Should I buy this used mini-van?

You guys did such a good job helping me pick my last new car, I thought I’d ask you about a used van I’m looking at.

First, the specifics: 1996 Chrystler Town and Country LXI, 76000 miles, loaded, reasonable price.

This is going to be our second vehicle, used primarily to lug stuff and people around town, and we’re going to put maybe 30 miles on it in an average week. It’s nice enough, however, that we may take it on occasional car trips.

The only minor red flag that has come up was something that I thought was odd on the title search. It was first registered in November of '95. In October of '99, there’s a DMV listing for “Title Issued”, which I guess means that it was sold again, and the odometer reading was 10 miles. Then, according to odometer readings taken at emissions tests, it was driven about 5500/month for the last two years.

So, assuming all readings are accurate, on the one hand, we have a 6 year old van that’s only been used for 2 years, but on the other, we have a van that’s been driven hard for two years.



General Questions is for questions with factual answers. IMHO is for opinions and polls.

I’ll move this to IMHO for you.

Off to IMHO.

DrMatrix - General Questions Moderator

[Arthur] RUN AWAY!!! [/Arthur]

A brand new van driven only 10 miles over 4 years is curious. Coupled with the fact, doing the math, if it was driven every day for the next two years, comes out to about 183 miles per day. Every day. For 2 years. Which raises the question of maintenance, ie, oil changes every 2/3 weeks. Any record of that? If someone’s driving that much, I’d bet the upkeep wasn’t as thorough as it should have been. IMO, I’d keep looking, maybe spend a few more dollars, and get something that is not so potentially implosive.

Well, try forums for the van & see what people say about it.

Did you do carfax on the VIN nbr, LV?

Are you sure all readings ARE accurate? I’d think the thing would have been driven more than 10 miles just to get it to and from a dealership. Is there any way to investigate that further?

I think if you look at the current issue of Consumer Reports you will see that minivans made by Chrysler, years '94-97 are on the “used cars to avoid” list. Expect to have lots of repair bills.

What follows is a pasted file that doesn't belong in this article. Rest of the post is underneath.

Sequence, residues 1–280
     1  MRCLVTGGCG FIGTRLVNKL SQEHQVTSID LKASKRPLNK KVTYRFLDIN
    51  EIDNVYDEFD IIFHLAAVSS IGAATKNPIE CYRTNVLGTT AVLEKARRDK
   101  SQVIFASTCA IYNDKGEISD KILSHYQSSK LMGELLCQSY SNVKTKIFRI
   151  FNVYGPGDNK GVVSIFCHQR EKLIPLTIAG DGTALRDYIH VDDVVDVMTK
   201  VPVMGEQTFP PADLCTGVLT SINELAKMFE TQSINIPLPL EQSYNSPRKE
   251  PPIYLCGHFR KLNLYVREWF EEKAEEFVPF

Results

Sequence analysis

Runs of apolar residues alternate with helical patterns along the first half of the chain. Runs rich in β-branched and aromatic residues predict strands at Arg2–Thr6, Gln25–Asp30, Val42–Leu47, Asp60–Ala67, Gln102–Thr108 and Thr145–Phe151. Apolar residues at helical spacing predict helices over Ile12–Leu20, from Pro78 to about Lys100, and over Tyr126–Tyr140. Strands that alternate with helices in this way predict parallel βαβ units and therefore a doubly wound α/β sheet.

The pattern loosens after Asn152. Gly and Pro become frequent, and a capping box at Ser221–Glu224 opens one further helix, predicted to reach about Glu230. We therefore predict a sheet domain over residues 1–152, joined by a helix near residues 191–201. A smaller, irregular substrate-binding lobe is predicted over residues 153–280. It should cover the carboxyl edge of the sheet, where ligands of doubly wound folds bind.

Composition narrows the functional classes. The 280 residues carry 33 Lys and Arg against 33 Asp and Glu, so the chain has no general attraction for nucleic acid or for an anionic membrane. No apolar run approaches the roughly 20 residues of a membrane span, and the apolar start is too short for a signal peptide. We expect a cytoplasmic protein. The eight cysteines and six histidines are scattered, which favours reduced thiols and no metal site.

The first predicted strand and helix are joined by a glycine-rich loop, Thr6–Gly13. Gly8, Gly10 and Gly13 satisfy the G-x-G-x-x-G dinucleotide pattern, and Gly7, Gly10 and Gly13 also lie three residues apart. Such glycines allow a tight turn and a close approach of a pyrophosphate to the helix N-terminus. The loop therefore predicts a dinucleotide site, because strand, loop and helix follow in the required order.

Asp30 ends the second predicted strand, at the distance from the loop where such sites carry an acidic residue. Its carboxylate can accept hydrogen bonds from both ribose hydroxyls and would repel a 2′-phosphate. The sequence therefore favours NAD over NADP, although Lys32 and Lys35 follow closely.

On the other hand, it’s probably a very comfortable van and pleasant to drive. If you can get it cheap enough it might be worthwhile, figuring that much of what you save on purchase price is likely to be used for repairs.

(I have a '94 Plymouth Grand Voyager with 106,000 miles on it. It is very comfortable, nice for running around town and great for road trips. On the other hand, it is on its fourth transmission.)

Those mid-90s Chrysler product minivans are notorious for bad transmissions.

I would avoid them like the plague.

We looked into a similar van–briefly. Word on the street is that they blow their master cylinders at about 70,000. I don’t know if that’s true, but every source we looked at or talked to, reliable and otherwise, indicated that Chrysler vans of that vintage were to be avoided.

A 1996 Chrysler-made minivan? I have one word for you: RUN!

Not only do they have a history of unreliable transmissions, they also have (as I found out personally) a history of air conditioner problems and wiring problems. The air conditioner repair bill on one of these babies will give you a heart attack, or will make you say (as I did) “You know, being sweaty in the summer builds character for kids.”

As for the strange mileage record, I wouldn’t be surprised if that particular van had its body control computer replaced at some point. They go bad on the '96 models a lot and cause problems like erratic windshield wiper action, loss of power to the raido, etc. They also control the odometer, so if one is replaced the mileage is reset. A reputable mechanic should set the odometer to the correct mileage when a new computer is installed, but there is nothing to stop him/her from just putting in the new box and leaving the new odometer reading at zero. And without looking specifically to see if the body control computer has been replaced, there is no way to tell that the mileage is wrong (except for wear and tear of course). I had mine replaced last year with a salvaged computer and now my van with 100,000+ miles miraculously has only 40,000. (Since I plan on driving my van into the ground anyway I’m not worried about the ethical ramifications of the shady odometer numbers).

I hate to sound unamerican but if you’re going to buy a used minivan I would only look at Nissans myself. I can’t remeber where I read this (consumer products maybe?) but I do remeber reading that Nissans are the most dependable resold cars for the money.